Born in Vilnius in 1982, Justė Janulytė studied composition at the Lithuanian Music and Theatre Academy, Milan ‘Giuseppe Verdi’ Conservatoire and in various masterclasses. She has collaborated with some of the world’s leading ensembles and soloists including Konzerthausorchester Berlin, WDR Sinfonieorchester Köln, Teatro La Fenice Symphony, Gothenburg Opera Symphony, BBC National Orchestra of Wales, Polish National Philharmonic Orchestra, Brno Philharmonic, French Flute Orchestra, Riga Sinfonietta, Birmingham Contemporary Music Group, Estonian Philharmonic Chamber and Male Choirs, Danish Radio Chamber, Kamer, SWR Vokalensemble and Camerata Silesia choirs, Quasar, Xasax and Flotilla saxophone quartets, cellists Sèverine Ballon, Henri Demarquette, Francesco Dillon, and Anton Lukoszevieze, flutist Manuel Zurria, saxophonist Marcus Weiss, harpsichordist Goska Isphording amongst others. Her music has been performed across Europe, the Americas, and Australia, and has featured in such contexts as Sydney Festival, Schleswig-Holstein Festival, Venice Biennale, RomaEuropa, Holland Festival, Warsaw Autumn, Huddersfield Contemporary Music Festival, SonicA (Glasgow), Maerzmusik (Berlin), Biennale Némo (Gaîté lyrique, Paris), Musica festival (Strasbourg), Musik protokoll im steirischem Herbst (Graz), Musicadhoy (Madrid), Vale of Glamorgan Festival (Cardiff), Expositions of New Music, Moravian Autumn (Brno), Gaida (Vilnius) to name a few.

Justė Janulytė first came into public view in 2004 when her graduation work White music, for 15 strings, was awarded as the best chamber piece of the year by the Lithuanian Composers’ Union. Furthermore, her five next compositions also won the same prize. In 2009 Aquarelle, for choir, won the 1st prize (in the category of composers under 30) at the International Rostrum of Composers in Paris. In 2011 she was awarded the Young Artist's Prize by the Lithuanian Ministry of Culture and in 2017 the Lithuanian National Arts and Culture Prize, the highest artistic distinction in Lithuania.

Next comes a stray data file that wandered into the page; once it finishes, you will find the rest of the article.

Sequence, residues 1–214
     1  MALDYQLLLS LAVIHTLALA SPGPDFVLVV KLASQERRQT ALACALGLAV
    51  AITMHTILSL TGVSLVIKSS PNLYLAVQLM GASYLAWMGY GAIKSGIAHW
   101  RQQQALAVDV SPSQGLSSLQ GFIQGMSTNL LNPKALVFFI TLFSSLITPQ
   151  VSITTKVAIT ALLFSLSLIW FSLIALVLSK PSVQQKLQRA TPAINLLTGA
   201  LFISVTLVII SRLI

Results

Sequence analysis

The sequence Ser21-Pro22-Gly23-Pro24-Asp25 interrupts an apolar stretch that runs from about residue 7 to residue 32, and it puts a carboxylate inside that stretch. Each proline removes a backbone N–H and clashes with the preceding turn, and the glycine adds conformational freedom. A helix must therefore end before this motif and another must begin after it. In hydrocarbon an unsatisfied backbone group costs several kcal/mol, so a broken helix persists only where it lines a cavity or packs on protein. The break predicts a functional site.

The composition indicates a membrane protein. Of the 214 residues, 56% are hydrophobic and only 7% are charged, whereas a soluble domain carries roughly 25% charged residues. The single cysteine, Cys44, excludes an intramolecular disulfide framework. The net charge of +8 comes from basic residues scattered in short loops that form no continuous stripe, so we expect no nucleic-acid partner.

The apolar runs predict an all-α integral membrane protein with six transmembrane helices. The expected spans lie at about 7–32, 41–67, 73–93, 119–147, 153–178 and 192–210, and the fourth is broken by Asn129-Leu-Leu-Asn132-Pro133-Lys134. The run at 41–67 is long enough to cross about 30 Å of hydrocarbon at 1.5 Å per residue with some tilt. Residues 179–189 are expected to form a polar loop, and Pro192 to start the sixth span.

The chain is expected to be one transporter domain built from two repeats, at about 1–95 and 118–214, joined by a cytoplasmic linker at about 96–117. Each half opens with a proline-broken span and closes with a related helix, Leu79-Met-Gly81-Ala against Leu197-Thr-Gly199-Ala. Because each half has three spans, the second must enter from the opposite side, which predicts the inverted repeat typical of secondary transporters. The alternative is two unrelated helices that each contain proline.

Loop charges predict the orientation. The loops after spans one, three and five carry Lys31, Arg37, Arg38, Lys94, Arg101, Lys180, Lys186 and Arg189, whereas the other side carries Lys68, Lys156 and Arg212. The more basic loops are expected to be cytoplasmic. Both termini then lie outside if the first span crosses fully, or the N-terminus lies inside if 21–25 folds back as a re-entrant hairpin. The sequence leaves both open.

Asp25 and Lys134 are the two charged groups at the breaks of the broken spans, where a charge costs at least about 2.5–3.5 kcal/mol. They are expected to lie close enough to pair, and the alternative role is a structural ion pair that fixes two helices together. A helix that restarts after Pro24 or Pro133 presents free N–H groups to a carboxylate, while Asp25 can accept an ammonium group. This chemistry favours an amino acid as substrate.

The majority of the works by the author, written for dense monochromatic ensembles (only strings, only winds or only voices), explore musical time/space perception through large-scale multilayered textures and extremely gradual metamorphoses. While balancing between the aesthetics of minimalism, spectralism and drone music, Justė Janulytė composes acoustic metaphors of optic ideas (Observation of Clouds for voices, winds and strings, The Colour of Water for saxophone(s) solo and orchestraand Here at the quiet limit for male choir and string orchestra), and researches the visual nature of musical phenomena in the works where sound and image are fused together (Breathing Music for string quartet, electronics and kinetic sculptures, Eclipses for 4 strings, live electronics and soundproof glass installation, Sandglasses for 4 cellos, electronics and video scenography).

Justė Janulytė currently teaches composition at the Lithuanian Academy of Music and Theatre, lives between Vilnius and Milan.

Janulyte has been hailed one of Europe’s most prodigious young composers. Her award-winning music typically features only one type of instrument, producing long, slow, gradual transformations in texture and register. This unique approach sucks time into itself, making it feel both flitting and eternal. Hellen Wright | The Skinny
Janulyte has been hailed one of Europe’s most prodigious young composers. Her award-winning music typically features only one type of instrument, producing long, slow, gradual transformations in texture and register. This unique approach sucks time into itself, making it feel both flitting and eternal. Hellen Wright | The Skinny